What is Input-Output Analysis
Input-output analysis ("I-O") is a form of macroeconomic analysis based on the interdependencies between economic sectors or industries. This method is commonly used for estimating the impacts of positive or negative economic shocks and analyzing the ripple effects throughout an economy. This type of economic analysis was originally developed by Wassily Leontief (1905–1999), who later won the Nobel Memorial Prize in Economic Sciences for his work in this area.
The foundation of I-O analysis involves input-output tables. Such tables include a series of rows and columns of data that quantify the supply chain for all sectors of an economy. Industries are listed in the headers of each row and each column. The data in each column corresponds to the level of inputs used in that industry's production function. For example, the column for auto manufacturing shows the resources required for building automobiles (i.e., so much steel, aluminum, plastic, electronics, and so on). I-O models typically include separate tables showing the amount of labor required per dollar unit of investment or production. While input-output analysis is not commonly utilized by neoclassical economics or by policy advisers in the West, it has been employed in Marxist economic analysis of coordinated economies that rely on a central planner.
BREAKING DOWN Input-Output Analysis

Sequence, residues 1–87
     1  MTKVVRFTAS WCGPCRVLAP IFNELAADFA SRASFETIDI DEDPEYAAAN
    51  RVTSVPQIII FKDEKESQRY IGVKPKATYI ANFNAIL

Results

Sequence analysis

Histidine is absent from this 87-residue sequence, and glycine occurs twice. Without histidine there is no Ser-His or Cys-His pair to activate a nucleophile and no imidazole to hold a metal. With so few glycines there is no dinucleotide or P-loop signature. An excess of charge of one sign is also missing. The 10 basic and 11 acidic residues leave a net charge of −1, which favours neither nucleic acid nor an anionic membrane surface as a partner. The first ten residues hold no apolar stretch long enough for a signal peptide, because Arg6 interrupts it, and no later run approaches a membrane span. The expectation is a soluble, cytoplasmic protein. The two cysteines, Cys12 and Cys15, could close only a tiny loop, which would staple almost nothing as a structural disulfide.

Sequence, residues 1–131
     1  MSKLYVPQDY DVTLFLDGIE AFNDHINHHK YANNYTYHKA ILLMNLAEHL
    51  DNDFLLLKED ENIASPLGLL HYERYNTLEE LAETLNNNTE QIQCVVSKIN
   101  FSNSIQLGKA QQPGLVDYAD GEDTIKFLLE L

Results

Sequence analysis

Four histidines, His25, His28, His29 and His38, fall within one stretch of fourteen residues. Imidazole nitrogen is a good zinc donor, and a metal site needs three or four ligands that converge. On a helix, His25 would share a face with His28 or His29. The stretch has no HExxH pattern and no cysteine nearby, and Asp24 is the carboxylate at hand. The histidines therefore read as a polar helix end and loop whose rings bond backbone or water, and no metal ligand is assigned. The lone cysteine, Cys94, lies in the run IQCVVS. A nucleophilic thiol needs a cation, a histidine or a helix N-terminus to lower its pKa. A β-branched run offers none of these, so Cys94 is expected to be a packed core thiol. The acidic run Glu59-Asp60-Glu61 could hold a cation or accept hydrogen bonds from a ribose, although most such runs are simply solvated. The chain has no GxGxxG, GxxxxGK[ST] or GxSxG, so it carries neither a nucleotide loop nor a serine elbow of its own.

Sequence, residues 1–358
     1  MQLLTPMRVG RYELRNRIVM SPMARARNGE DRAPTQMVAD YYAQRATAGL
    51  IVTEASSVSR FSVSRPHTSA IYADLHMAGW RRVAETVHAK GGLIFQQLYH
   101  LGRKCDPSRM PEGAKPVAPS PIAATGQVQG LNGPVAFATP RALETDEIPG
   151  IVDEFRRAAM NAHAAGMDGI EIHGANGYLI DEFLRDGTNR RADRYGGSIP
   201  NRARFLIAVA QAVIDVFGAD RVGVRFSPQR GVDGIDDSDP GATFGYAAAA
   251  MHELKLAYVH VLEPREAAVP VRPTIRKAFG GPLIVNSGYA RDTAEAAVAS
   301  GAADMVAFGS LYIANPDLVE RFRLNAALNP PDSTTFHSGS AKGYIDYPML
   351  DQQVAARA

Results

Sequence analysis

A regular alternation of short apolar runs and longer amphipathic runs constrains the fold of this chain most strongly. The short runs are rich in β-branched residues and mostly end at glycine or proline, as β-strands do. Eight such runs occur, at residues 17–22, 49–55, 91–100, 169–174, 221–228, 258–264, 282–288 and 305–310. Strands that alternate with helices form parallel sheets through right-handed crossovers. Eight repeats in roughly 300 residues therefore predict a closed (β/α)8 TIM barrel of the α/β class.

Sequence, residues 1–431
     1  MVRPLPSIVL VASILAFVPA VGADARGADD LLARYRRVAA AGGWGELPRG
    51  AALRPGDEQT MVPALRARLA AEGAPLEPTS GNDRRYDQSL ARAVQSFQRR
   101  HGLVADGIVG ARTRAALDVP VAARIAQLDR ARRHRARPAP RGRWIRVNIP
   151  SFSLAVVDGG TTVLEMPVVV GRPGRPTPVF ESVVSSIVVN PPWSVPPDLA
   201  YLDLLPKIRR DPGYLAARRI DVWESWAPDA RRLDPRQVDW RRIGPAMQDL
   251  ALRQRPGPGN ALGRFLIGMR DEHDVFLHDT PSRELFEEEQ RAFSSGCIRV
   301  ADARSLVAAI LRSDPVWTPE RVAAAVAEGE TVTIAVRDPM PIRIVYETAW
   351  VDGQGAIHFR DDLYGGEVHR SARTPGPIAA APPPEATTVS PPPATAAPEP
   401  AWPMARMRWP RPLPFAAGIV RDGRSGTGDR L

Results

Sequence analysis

Three Types of Economic Impact
I-O models estimate three types of impact: direct, indirect and induced. These terms are another way of referring to initial, secondary and tertiary impacts that ripple throughout the economy when a change is made to a given input level. By using I-O models, economists can estimate the change in output across industries due to a change in inputs in one or more specific industries. The direct impact of an economic shock is an initial change in expenditures. For example, building a bridge would require spending on cement, steel, construction equipment, labor and other inputs. The indirect, or secondary, impact would be due to the suppliers of the inputs hiring workers to meet demand. The induced, or tertiary, impact would result from the workers of suppliers purchasing more goods and services. This analysis can also be run in reverse, seeing what effects on inputs were likely the cause of observed changes in outputs.
Here's an example of how I-O analysis works: A local government wants to build a new bridge and needs to justify the cost of the investment. To do so, it hires an economist to conduct an I-O study. The economist talks to engineers and construction companies to estimate how much the bridge will cost, the supplies needed, and how many workers will be hired by the construction company. The economist converts this information into dollar figures and runs numbers through an I-O model, which produces the three levels of impacts. The direct impact is simply the original numbers put into the model - for example, the value of the raw inputs (cement, steel, etc.). The indirect impact is the jobs created by the supplying companies, so cement and steel companies. The induced impact is the amount of money that the new workers spend on goods and services.